The myth of a stylish office
Modern offices are supposed to be the places where all the magic happens. This is where work is done most efficiently, right?
I mean, it must be true, as companies all over the world are sweating the details of their offices. They design the space and bring in the foosball tables, the relaxation lounges, the colorful walls, the lightning and all the things they claim will improve a team’s productivity and morale.
Don’t get me wrong, I like nicely-designed spaces as much as the next guy, but…
Very rarely do these design tweaks improve a team’s work, because the fault is in the fundamentals.
Over many years of talking to other businesses and improving our work within Nozbe’s all-remote team, we’ve identified three major problems with current offices and the way teams work within them.
The three sins of modern offices
- Bad habits – Office space is conducive to creating bad habits in a team, like “brainstorming sessions” or “impromptu meetings.”
- Open workspaces – Most office spaces are very open, so people working there have trouble focusing on their work. Too many auditory and visual distractions!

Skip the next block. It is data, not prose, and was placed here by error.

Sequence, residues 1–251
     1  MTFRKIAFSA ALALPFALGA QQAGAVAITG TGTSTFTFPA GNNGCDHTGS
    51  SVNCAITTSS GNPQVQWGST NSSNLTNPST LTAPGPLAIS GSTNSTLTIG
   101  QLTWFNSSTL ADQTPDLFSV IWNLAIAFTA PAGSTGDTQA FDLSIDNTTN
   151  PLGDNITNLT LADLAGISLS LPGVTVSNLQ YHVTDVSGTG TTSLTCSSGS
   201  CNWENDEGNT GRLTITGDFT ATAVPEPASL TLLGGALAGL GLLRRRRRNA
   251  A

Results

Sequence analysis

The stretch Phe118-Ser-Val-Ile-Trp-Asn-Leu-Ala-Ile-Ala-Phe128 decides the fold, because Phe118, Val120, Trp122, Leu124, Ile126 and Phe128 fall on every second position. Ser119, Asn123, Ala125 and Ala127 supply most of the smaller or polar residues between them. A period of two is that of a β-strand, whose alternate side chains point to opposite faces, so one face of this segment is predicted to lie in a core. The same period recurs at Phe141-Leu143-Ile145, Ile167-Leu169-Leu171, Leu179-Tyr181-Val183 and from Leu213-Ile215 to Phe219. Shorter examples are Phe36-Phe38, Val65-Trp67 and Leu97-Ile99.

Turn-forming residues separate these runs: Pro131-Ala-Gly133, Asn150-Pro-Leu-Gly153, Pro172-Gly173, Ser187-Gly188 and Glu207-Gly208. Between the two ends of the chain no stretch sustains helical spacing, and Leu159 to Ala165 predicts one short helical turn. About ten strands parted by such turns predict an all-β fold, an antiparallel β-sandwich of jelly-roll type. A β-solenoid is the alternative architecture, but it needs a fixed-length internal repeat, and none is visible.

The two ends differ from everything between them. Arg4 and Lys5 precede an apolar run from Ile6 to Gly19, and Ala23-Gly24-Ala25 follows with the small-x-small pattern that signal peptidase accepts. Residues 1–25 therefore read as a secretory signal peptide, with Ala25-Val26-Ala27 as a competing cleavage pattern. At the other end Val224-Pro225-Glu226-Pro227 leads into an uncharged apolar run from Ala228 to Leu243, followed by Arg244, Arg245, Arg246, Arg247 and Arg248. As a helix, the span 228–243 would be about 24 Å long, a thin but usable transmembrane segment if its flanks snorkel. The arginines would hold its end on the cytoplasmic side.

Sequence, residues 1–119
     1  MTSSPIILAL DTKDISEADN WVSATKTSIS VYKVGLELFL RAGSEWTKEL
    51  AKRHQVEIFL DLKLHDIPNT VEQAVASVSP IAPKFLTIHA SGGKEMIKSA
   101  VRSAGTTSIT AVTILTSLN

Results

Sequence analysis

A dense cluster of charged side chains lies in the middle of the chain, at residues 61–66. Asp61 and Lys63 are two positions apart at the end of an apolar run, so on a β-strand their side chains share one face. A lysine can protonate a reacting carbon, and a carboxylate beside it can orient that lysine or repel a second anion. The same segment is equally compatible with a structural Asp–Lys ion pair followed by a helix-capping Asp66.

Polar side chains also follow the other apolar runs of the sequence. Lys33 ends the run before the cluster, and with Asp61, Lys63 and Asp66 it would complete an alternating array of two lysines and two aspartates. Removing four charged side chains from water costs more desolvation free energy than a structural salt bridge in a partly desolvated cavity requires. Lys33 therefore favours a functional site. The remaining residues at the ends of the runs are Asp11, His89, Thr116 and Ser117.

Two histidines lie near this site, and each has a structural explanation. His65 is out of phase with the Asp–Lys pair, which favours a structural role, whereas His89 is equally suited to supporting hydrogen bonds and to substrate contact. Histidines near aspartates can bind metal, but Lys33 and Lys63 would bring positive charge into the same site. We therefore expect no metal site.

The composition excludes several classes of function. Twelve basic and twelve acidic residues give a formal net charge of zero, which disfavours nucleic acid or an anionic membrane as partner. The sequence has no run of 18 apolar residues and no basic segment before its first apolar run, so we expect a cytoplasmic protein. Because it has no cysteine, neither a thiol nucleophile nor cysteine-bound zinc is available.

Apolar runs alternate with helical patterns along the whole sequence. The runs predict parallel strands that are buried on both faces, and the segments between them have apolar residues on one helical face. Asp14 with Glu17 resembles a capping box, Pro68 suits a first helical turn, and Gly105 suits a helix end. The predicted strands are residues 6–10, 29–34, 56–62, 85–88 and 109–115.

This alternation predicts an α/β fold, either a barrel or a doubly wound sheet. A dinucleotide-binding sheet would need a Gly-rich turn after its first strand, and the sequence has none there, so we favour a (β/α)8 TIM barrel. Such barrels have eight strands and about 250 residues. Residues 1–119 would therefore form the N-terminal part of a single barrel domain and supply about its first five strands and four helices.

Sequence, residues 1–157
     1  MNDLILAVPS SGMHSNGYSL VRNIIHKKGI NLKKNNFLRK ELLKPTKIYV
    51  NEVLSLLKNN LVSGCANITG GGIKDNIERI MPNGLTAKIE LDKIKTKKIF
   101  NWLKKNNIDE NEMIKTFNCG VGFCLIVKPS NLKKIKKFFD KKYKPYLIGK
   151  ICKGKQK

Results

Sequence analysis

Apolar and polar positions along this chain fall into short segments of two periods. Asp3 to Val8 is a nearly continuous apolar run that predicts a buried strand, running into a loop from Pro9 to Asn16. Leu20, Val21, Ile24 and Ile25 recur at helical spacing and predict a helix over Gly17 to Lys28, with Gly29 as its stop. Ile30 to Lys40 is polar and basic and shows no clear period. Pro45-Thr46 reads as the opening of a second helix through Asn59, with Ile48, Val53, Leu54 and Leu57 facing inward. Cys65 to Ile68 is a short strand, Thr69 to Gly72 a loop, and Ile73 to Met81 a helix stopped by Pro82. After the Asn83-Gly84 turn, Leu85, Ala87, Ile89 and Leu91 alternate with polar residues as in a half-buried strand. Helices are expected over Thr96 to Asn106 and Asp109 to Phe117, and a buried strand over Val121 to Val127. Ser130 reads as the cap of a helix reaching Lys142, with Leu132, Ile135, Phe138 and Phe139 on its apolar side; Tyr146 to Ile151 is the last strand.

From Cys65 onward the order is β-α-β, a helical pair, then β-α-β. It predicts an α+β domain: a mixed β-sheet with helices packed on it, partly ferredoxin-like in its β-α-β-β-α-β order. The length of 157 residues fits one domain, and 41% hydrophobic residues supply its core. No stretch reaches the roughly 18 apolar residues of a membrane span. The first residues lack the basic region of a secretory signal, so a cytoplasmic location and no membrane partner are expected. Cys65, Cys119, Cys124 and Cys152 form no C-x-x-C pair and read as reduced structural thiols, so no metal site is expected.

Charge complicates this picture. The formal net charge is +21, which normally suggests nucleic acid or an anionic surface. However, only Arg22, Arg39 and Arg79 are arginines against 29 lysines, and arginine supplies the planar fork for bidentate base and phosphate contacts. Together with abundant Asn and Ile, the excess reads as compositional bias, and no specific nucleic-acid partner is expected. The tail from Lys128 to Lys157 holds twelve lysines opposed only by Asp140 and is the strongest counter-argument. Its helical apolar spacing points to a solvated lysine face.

- It’s all in the office only! – The physical space of an office places an artificial limit on work and forces the organization to depend on the office (papers, documents, meetings, whiteboards…). This makes doing work so much harder or even virtually impossible outside of it.
In this section of the book, I’ll be tackling these problems. I aim to show you how to transform your work so that you become less dependent on the physical constraints of an office, or, if an office is required, how to better use your office space for your work. Either way, you know very well that “work is not a place to go; it’s a thing you do”.
An office does not make a business
A business doesn’t exist because of its office. It exists because there is a need of a service or product, because it provides the world with some additional value…
It’s time to start questioning why you need an office, and if you do, how should it look or work to give you the best results?
If anything, the lockdown during the COVID-19 pandemic has shown us all that much of the work, especially for knowledge workers, can be done outside of the office just as successfully as in the office, if not more!
So before you dive into this section of the book, ask yourself these questions:
- Does “having an office” make you a better company?
- Does it help you get things done more efficiently?
- Does it improve the quality of your team members’ lives?
- Does it make your team more productive?
- Does it enable you to get the best talent you can afford?
- What’s the real purpose of your office?
- How can you make it better?
Let’s answer these questions in the next chapters.